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'''Adoptionism''' is a form of the [[heresy]] of [[Monarchianism]] that appeared in varying forms in the second and third centuries and then again in the eighth and twelfth centuries in the West. The Christological view held was that Jesus was born human and became divine later during his baptism and thus was ''adopted'' as the son of God. This form of the heresy differs from [[Modalism]], the other form of Monarchianism, in which the “Father” and the “Son” are two aspects of the same subject. The adoptionism heresy revived again in the West during the eighth century by the bishops of Toledo and Urgell. It again appeared during the twelfth century in France as ''Neo-Adoptionism''.
The adoptionistic idea may have had its origin within the first century after Christ, but the oldest extant work that expressed the idea, ''Shepherd of Hermas'', appeared in the second century. In this work the Redeemer, Jesus, was thought to be a virtuous man, chosen by God, who was united with the Spirit of God and did works as God commanded. Jesus, thus, was adopted as Son by divine decree. This then denied the preexistence of Christ. In this form the heresy continued during the second and third centuries.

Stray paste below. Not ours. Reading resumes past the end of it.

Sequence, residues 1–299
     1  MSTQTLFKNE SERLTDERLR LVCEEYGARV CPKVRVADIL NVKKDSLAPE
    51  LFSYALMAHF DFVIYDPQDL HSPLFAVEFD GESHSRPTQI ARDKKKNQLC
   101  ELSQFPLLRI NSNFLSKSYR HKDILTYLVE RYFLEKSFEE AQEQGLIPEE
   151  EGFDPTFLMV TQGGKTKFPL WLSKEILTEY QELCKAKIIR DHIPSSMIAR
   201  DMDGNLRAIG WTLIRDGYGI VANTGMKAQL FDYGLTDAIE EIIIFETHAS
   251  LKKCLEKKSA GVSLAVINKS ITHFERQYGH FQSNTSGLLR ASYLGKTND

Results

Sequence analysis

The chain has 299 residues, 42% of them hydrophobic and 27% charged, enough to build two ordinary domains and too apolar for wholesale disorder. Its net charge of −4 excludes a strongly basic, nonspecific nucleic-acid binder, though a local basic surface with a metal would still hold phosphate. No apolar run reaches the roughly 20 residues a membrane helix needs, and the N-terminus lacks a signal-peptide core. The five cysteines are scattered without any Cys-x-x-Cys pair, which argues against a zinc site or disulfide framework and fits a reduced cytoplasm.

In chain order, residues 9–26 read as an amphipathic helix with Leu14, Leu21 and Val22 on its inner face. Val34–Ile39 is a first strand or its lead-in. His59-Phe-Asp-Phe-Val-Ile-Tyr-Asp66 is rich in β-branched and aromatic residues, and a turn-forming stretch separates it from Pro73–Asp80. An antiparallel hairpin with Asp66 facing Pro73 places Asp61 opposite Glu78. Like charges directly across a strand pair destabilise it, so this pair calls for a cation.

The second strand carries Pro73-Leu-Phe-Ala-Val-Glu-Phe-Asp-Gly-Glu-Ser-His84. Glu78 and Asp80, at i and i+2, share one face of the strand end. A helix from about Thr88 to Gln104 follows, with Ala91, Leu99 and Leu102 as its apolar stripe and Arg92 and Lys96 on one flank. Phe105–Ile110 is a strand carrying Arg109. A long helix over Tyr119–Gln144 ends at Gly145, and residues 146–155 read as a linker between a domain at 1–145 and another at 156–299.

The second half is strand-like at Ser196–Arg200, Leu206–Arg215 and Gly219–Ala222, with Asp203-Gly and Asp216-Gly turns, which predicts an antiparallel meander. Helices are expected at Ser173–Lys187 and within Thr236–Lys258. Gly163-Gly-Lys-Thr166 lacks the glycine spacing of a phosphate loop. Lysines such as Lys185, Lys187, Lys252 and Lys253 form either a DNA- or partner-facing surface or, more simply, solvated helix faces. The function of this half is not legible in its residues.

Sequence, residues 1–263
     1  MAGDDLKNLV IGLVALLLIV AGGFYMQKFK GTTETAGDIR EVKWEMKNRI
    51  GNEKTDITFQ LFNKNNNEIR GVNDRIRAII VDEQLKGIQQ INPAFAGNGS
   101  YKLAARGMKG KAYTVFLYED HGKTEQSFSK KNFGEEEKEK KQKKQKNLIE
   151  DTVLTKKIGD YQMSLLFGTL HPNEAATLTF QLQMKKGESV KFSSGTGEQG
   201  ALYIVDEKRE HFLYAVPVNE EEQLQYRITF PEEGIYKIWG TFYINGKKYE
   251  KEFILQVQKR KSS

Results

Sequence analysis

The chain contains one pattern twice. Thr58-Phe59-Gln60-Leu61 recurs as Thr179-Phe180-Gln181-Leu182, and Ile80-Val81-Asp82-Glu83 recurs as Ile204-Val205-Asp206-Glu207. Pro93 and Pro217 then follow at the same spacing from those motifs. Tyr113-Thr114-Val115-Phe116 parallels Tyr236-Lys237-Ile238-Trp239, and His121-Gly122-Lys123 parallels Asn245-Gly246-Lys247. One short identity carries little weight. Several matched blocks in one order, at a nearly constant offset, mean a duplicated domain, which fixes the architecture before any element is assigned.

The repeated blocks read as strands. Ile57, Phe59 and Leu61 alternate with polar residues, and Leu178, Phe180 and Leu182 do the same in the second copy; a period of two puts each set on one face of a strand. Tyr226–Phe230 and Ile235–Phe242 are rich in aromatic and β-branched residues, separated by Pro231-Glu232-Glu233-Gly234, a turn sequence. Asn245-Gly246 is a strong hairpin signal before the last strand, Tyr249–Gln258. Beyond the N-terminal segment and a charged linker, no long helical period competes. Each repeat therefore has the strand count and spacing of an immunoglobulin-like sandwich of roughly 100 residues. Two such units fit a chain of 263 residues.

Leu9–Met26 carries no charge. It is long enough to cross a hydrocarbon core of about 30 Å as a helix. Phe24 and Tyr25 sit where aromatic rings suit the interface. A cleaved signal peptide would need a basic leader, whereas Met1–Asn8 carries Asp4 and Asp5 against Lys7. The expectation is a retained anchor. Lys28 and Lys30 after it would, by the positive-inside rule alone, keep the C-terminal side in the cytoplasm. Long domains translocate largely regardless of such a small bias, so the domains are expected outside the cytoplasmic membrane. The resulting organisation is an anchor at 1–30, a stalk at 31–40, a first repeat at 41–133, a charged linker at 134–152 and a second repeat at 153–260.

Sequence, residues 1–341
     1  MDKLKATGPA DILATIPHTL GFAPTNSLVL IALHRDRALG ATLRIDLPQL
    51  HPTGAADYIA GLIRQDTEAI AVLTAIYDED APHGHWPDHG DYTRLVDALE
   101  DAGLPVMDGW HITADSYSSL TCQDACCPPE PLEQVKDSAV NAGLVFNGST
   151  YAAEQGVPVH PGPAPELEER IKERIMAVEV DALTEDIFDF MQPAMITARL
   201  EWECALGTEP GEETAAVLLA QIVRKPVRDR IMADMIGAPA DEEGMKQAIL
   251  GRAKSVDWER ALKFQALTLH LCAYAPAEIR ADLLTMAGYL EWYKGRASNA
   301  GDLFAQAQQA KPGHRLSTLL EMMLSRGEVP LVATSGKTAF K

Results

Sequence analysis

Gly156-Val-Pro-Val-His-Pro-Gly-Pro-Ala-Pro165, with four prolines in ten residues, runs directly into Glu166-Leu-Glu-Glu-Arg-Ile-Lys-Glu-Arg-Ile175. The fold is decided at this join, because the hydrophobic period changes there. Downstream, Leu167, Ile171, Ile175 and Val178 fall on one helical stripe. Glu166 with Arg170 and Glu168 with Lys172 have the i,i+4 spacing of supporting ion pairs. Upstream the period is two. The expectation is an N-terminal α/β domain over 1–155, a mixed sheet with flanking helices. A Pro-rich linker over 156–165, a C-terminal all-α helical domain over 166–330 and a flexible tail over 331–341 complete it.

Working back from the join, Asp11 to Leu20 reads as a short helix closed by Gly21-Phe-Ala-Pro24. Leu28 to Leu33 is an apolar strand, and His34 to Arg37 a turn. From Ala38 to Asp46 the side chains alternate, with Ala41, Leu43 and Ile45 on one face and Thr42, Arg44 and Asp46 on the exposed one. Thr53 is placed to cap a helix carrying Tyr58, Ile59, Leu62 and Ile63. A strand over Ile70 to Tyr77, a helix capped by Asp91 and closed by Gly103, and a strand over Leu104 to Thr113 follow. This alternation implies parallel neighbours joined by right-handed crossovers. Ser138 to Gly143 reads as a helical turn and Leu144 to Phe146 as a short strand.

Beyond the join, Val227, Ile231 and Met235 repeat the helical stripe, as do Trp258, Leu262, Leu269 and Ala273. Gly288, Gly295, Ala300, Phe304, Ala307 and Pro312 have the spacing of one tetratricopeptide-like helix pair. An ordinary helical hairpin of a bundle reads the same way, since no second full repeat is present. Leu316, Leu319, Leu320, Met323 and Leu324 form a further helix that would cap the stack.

In the twelfth century, Peter Abelard, in France, preached a variation of the heresy called ''Neo-adoptionism'' that, along with later variations, was based on erroneous understandings of the hypostatical union.
*[http://en.wikipedia.org/wiki/Adoptionism Wikipedia: Adoptionism]
*[http://www.newadvent.org/cathen/01150a.htm Catholic Encylopedia: Adoptionism]